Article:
Coastal Communities

Published date : 08 September, 2022
It is a pleasure to serve under your chairmanship, Dr Huq, and I shall do my best to stick within the guidelines that you have given. I congratulate the hon. Member for Hastings and Rye (Sally-Ann Hart) on securing the debate. I understand that she hails originally from Northumberland, a county that has a particularly special place in my heart, not least because it is where I have my earliest memories of seaside holidays in places such as Berwick-upon-Tweed and Seahouses. It is certainly a place that means a great deal to me.

Throughout the debate we have heard a great deal about Members’ huge affection for our coastal communities, their way of life and what they have to offer as places to live and visit, and as places where people can work and raise families. Sadly, as we have heard, they are also places that face particular economic challenges. Despite the prosperity that openness to the sea can bring or has previously brought, our coastal communities can experience particular combinations of economic and social fragility. For example, they often have a heavy dependency on tourism and seasonal labour to take advantage of the economic opportunities. There is also a heavy dependency on a relatively limited number of industries in many cases, and such places are more prone to high levels of unemployment. Their attractiveness and proximity to the sea mean that there is real pressure on house prices and a lack of affordability, particularly for young people—all of which can feed into a cycle of decline that builds in business fragilities. Coastal communities are also at the sharp end of the effects of climate change, including coastal erosion and the impact on biodiversity. They are key to the success of our future energy policies, delivering energy security and tackling climate change.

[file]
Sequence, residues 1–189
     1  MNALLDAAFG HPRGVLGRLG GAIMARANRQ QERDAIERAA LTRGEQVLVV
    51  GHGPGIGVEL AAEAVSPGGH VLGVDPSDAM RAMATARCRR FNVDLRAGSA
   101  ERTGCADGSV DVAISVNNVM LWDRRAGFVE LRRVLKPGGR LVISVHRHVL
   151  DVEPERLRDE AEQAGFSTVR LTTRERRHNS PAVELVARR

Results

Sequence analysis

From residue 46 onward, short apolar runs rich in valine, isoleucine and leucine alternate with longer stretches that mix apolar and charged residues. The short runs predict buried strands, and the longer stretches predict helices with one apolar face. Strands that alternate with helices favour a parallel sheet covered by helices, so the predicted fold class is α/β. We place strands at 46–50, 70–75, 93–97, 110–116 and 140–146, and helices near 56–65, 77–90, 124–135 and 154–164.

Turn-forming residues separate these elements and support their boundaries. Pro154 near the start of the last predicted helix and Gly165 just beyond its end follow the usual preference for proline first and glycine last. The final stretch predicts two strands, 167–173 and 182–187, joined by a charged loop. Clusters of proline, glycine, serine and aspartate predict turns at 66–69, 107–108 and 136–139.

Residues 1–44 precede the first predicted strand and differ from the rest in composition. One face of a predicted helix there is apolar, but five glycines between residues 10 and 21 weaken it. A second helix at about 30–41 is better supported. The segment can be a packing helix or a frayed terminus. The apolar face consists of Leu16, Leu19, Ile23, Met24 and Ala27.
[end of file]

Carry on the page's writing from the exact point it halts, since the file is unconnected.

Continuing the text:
My own constituency goes much further inland than it does up the coast, but I do have a very special, beautiful piece of coastline, from the northern part of the city of Aberdeen to the nature reserves up past Collieston. There has been considerable debate about not just onshore planning decisions but marine spatial planning issues, for example on the interaction between biodiversity on land and the development pressures for housing or, in one particular case, a golf course closely associated with a former occupant of the White House. There is a constant tension between the infrastructure that is needed for offshore energy, whether hydrocarbons or other types, and other demands on the sea, such as our traditional fishing industry.

A good local example of an extremely successful development is the Aberdeen Offshore Wind Farm, also known as the European Offshore Wind Deployment Centre, which is made up of 11 offshore turbines just off the coast of Aberdeen and produces enough energy to power the entirety of the city. I had the great pleasure of going out on a boat just a couple of weeks ago to visit it. It also has a community benefit fund that supports community projects.